Format of submissions
Research papers should normally be between 4000 to 6000 words with at least twenty per cent of the content emphasizing the practical benefits for industry and/or wider RM and Pricing community.
Practice papers written by practitioners or educators should be between 2000 and 4000 words in length emphasizing industry explanation, novel solutions and business or pedagogical case studies.
Shorter papers of about 1000 words are welcome from students who wish to publish in the 'Apprentice' section emphasizing there ideas and research in progress.
The 'Thoughts' section welcomes commentary of about 1000 words focused on topical issues, emerging trends and interesting applications
All manuscripts should be submitted in English. Other forms of manuscripts will be considered within the realms of the editorial statement
All submissions should include a brief statement that clearly states how the paper addresses the journal's editorial statement.
Submissions should be sent by email to email@example.com as an attachment in word format.
Authors are requested to follow our instructions on how to prepare and submit their figures, for more information see the link below.
The first page of the manuscript should include a brief descriptive title and the author’s name, affiliation, address and telephone and fax numbers, and email address. A short description of the author (about 80 words) and, if appropriate, the organisation of which he or she is a member is requested. In the case of co-authors, their full details should also be included. All correspondence will be sent to the first named author, unless otherwise indicated.
The second page should contain the title of the paper, a summary or abstract, outlining the aims and subject matter of not more than 100 words in length, and up to six keywords. The summary should provide a review of the paper and not simply repeat the conclusions.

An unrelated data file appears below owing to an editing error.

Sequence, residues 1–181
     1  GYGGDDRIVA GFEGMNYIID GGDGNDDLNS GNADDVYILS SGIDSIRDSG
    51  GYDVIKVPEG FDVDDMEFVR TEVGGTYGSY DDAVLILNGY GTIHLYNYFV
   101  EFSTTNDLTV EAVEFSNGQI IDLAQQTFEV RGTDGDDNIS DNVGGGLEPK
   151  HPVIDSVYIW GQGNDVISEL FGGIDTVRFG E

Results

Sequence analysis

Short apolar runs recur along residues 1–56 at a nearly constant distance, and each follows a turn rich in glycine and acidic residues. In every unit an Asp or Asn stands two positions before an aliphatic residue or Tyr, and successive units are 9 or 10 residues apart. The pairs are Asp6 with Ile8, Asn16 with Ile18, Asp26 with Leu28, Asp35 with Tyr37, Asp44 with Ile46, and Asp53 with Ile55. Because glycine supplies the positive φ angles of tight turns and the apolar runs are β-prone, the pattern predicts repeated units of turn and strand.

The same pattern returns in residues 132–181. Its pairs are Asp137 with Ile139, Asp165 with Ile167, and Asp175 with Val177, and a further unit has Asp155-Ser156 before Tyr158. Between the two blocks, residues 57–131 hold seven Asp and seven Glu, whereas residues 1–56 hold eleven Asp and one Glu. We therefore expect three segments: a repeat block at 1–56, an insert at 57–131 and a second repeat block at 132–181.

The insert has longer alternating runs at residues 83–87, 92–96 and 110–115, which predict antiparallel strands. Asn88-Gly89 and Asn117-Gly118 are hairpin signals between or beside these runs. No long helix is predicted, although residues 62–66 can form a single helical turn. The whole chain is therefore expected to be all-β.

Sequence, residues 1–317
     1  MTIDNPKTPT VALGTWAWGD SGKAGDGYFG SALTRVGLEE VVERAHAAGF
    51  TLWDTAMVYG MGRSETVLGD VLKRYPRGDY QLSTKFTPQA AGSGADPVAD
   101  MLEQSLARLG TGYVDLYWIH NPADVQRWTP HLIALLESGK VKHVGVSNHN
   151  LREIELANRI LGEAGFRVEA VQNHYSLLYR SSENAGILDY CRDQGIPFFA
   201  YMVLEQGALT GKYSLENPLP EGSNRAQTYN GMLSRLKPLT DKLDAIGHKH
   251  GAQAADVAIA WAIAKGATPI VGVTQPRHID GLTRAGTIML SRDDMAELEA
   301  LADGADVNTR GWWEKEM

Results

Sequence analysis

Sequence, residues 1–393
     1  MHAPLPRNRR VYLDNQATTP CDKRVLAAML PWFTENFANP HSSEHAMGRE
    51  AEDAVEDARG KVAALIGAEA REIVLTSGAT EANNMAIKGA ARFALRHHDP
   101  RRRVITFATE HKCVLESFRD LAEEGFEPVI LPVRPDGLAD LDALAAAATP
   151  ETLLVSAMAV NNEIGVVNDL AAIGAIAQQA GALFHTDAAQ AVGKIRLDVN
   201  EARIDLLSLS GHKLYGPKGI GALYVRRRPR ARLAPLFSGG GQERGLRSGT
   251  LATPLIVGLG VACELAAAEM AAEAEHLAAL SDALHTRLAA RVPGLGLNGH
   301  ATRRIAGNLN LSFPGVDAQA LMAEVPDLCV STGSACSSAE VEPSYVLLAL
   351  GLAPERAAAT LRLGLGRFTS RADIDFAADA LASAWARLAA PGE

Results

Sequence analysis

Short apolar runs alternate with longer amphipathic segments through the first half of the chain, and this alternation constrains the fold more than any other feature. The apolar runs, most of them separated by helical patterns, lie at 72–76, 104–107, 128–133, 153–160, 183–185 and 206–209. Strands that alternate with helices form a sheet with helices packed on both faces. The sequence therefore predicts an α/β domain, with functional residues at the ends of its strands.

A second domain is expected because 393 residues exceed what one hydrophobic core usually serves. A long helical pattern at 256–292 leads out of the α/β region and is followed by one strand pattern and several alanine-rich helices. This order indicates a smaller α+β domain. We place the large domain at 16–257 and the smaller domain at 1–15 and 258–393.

The paper should begin on the third page and need not relist the title or authors. The paper should be sub-divided into sections to aid readability as appropriate. For simplicity, section headings should be in upper case and bold, while subsection headings should be in upper and lower case and bold.
The journal uses the Chicago-based reference style is used in the humanities based on the specifications given in the Chicago Manual of Style. Please adhere to the following guidelines when preparing your manuscript:
- Do not abbreviate journal names; they are always written out.
- Do not abbreviate the given names of the authors if they were submitted in full.
- Follow the author regarding capitalization of titles of an article, chapter, or book but ensure it is consistent according to either the 16th edition (upper and lower case titles) or 15th edition (capitalize only the first word in the title of an article, chapter, or book and any proper nouns) of the Chicago Manual of Style. If creating a list from scratch, standardly follow the 15th edition.
As a rule, all the references given in the list of references should be cited in the body of a text (i.e., in the text proper, any appendix, any footnotes to either of these, figure legends, or tables). Of course, any reference may be cited more than once. Citation may take one of two forms:
- By number, whether sequential by citation or according to the sequence in an alphabetized list
- By name of cited author and year of publication Only one form of citation is permitted within a publication.